PC 6 Summer/autumn operation in medium first-year ice, which may include old ice inclusions
PC 7 Summer/autumn operation in thin first-year ice, which may include old ice inclusions.

Also, classification societies like DNV-GL have their own set of classification as also do another set of rules called Finnish-Swedish Ice Class Rules. For example, as per DNV rules:

  • Ice Class 1A*: Highest class notation alluding to ships operating in all ice conditions, from extreme to moderate, without icebreaker assistance. Obviously, this includes ice-going and icebreakers and definitely not simple ice-strengthened/ice-class ships.
  • Ice Class 1A: Capable of trodding in difficult ice conditions, with icebreaker escort.
  • Ice Class 1B: Moderate ice conditions with an icebreaker.
  • Ice Class 1C: Light ice conditions, with icebreakers. Mostly, cargo ships capable of lying in very cold regions.

Also, IMO’s  ‘International Code of Ships Operating in Polar Waters ‘ also have their own categorization, viz., Category A, B, C. We do not delve into the details of each and every aspects of classification. But a crucial aspect of classification is the material selection and strengthening.

Needless to say, ice-class vessels are given extra care in terms of strengthening and material selection to sustain in their operation. An ice-class defines a region in ship’s hull where maximum plausible ice loads can occur and names it as ‘Ice Belt’. This demarcation helps in identifying the zone of maximum plausible loads from ice.

Icebelt demarcation
Figure 13: Icebelt demarcation of an ice-capable ship under class norms

The ice belt is flanked by the Upper Ice Water Line (UWIL) and Lower Ice Water Line (LWIL). The ice belt region is given extra care by the classification guidelines in terms of more strength, scantling and stiffening arrangements. UWIL and LWIL are the upper and the lower limit of the waterlines in icy waters, respectively which are used to estimate the feasible zones of ice loading in ships.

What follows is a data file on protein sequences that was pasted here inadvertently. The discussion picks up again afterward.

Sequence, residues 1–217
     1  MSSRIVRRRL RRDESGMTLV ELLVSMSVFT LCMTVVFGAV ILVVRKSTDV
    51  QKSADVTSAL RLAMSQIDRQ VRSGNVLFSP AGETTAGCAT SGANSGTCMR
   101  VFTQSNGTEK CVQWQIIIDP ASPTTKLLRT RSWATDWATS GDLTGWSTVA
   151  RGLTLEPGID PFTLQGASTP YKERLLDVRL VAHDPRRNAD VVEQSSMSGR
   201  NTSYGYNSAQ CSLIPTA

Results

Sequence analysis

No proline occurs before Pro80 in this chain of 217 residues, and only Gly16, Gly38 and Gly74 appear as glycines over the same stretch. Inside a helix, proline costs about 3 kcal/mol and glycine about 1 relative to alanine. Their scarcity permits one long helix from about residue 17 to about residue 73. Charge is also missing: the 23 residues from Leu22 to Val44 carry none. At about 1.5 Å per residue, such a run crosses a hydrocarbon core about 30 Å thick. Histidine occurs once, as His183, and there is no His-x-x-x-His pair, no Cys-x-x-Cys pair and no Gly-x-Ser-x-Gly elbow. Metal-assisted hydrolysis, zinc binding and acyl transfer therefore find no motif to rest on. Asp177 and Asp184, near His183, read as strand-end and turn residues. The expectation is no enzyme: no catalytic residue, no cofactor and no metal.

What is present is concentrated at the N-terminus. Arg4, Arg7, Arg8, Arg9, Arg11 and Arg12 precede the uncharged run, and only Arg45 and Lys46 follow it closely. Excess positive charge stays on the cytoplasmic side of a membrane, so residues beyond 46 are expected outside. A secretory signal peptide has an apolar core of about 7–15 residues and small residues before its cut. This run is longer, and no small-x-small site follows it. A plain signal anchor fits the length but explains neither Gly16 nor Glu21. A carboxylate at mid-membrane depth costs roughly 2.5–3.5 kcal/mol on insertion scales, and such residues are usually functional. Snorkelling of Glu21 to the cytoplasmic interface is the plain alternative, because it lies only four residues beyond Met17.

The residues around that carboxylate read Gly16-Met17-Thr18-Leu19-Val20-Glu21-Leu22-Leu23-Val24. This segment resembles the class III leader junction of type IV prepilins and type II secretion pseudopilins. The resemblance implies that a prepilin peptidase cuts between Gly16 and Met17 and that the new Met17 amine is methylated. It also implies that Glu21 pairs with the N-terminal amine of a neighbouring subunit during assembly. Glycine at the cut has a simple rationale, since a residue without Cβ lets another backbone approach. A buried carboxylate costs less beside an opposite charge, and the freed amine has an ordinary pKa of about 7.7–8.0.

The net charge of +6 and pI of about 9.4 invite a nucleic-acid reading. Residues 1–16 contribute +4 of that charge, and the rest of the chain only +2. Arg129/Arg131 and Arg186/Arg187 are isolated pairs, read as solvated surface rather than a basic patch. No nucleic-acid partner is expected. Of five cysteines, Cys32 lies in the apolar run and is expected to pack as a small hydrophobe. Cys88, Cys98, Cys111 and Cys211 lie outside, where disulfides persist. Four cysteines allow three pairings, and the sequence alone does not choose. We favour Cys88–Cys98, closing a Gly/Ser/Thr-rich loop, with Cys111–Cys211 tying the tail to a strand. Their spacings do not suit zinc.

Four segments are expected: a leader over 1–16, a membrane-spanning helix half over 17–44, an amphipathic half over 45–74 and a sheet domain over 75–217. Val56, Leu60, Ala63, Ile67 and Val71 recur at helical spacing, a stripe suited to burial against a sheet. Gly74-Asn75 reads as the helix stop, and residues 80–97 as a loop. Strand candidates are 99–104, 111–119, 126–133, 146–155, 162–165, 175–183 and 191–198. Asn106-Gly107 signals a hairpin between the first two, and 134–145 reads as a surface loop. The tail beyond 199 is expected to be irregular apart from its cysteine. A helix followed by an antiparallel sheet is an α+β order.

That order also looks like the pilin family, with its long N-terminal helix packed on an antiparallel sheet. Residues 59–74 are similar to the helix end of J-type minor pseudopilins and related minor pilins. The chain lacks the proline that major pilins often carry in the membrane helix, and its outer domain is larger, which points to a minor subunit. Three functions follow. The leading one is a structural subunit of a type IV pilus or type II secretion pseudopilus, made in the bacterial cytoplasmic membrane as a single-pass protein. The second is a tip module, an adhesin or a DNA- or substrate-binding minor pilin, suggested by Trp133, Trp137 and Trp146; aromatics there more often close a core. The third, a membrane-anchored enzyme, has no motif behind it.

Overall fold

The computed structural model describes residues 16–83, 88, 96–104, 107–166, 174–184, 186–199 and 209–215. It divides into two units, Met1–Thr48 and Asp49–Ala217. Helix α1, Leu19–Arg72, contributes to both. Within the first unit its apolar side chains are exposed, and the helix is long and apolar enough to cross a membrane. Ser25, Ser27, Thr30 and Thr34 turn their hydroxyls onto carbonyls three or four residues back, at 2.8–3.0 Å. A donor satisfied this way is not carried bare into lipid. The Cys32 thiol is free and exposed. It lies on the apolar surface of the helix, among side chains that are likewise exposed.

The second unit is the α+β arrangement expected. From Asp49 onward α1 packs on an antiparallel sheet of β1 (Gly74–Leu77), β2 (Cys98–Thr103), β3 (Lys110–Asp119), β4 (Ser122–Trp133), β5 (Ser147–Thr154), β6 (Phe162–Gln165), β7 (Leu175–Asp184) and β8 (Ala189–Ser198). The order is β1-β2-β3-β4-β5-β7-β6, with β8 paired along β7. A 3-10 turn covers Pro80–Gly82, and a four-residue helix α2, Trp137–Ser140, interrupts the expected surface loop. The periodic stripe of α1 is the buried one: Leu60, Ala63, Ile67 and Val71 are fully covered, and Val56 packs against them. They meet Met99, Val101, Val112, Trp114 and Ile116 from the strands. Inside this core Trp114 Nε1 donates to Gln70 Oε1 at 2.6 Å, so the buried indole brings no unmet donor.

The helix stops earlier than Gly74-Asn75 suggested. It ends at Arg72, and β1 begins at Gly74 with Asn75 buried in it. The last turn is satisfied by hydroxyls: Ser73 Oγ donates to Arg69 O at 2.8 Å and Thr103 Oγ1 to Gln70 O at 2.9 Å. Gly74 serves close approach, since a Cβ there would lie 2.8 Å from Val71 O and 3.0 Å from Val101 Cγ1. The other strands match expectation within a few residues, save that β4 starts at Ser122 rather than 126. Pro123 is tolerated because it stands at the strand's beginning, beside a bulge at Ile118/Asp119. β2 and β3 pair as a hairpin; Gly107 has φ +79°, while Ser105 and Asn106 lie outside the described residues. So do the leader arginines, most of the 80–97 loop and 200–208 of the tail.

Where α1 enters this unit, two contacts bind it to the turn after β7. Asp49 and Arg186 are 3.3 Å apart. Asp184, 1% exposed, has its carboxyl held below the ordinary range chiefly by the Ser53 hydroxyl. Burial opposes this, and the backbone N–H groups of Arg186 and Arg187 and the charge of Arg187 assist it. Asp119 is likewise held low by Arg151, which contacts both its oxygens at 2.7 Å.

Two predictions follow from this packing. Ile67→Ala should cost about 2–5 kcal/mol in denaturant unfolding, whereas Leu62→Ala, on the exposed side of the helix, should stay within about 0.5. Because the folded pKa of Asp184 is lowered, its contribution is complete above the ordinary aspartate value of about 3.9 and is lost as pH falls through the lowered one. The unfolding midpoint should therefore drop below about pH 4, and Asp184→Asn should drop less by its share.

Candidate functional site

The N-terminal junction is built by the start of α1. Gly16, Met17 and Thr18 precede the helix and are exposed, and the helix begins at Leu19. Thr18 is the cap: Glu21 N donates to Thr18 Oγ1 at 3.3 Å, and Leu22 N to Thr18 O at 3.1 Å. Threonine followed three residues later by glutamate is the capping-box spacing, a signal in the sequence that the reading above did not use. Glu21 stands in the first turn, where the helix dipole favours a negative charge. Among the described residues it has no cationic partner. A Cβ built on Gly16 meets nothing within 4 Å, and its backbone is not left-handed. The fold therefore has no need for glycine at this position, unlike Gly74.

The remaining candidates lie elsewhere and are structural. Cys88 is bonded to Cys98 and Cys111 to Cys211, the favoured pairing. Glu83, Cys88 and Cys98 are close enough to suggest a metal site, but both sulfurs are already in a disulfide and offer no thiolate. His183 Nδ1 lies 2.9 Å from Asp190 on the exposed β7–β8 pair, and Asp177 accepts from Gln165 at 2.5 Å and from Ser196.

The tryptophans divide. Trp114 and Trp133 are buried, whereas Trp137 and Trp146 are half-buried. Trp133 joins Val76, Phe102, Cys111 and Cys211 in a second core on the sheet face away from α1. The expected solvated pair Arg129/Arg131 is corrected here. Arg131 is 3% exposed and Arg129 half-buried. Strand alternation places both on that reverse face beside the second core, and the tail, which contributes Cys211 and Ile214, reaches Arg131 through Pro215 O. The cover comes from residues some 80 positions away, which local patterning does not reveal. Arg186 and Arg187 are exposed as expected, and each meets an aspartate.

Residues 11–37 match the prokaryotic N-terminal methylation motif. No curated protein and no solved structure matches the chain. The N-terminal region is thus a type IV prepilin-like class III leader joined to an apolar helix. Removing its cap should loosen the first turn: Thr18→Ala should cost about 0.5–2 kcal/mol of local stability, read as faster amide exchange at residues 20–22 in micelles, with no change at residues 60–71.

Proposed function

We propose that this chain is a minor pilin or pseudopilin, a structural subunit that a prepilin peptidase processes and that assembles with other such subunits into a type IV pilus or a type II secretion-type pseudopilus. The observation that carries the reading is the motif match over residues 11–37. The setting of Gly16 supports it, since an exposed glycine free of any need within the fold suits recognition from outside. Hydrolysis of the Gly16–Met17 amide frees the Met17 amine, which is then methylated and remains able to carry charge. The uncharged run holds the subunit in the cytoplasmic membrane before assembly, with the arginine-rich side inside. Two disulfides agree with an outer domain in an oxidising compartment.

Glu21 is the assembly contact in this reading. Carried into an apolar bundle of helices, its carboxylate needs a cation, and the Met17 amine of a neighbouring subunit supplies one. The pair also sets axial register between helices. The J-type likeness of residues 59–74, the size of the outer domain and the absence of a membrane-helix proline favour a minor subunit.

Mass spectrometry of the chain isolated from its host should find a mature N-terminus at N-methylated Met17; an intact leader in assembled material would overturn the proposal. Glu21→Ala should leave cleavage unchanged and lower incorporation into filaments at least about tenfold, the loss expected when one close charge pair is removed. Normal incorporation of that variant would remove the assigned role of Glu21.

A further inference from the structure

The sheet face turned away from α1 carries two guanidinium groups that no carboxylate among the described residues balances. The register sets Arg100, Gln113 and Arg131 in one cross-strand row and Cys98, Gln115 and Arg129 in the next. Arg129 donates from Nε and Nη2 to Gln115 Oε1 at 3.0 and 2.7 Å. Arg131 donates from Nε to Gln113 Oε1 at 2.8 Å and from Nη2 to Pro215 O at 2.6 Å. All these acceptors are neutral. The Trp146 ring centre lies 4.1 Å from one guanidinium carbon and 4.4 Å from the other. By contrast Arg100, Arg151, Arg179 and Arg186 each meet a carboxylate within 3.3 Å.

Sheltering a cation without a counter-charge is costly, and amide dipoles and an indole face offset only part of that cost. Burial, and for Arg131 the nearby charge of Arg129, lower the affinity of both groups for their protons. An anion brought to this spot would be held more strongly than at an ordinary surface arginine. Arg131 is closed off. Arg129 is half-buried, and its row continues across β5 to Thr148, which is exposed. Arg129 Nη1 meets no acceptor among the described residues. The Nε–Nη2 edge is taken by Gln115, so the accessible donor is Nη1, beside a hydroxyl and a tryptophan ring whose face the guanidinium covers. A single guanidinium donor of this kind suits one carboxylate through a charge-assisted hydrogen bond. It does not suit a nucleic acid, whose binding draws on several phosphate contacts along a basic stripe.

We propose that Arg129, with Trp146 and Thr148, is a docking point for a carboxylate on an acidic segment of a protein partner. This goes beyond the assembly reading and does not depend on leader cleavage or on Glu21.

So, in all ice-capable ships, the materials used in the ice belt is high breed high tensile steel of various grades like AH, DH, EH. Other areas can be either high tensile steel or mild steel (B, D, E, F etc.) of varying scantlings as per requirement. The details of all such rules and regulations are available in classification documents.

Obviously, the Ice Belt is different in icebreakers and ice-going ships as compared to simple ice class. It goes without saying that in prone areas, the stiffening and framing arrangements are specially decided based on the vulnerability of oncoming ice loads, where the stiffening members like ice stringers etc.  may have high scantlings and closely spaced.

Corrosion and abrasion protection are also given as per classification guidelines as the hull shell plating is highly vulnerable to corrosion, freezing, embrittlement and abrasion in frigid conditions.

This brings us to the end of our tri-article, long discussion on ice ships. Hope you have gained some information. Over to you…

Disclaimer: The authors’ views expressed in this article do not necessarily reflect the views of Marine Insight. Data and charts, if used, in the article have been sourced from available information and have not been authenticated by any statutory authority. The author and Marine Insight do not claim it to be accurate nor accept any responsibility for the same. The views constitute only the opinions and do not constitute any guidelines or recommendation on any course of action to be followed by the reader.

The article or images cannot be reproduced, copied, shared or used in any form without the permission of the author and Marine Insight. 


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Subhodeep is a Naval Architecture and Ocean Engineering graduate. Interested in the intricacies of marine structures and goal-based design aspects, he is dedicated to sharing and propagation of common technical knowledge within this sector, which, at this very moment, requires a turnabout to flourish back to its old glory.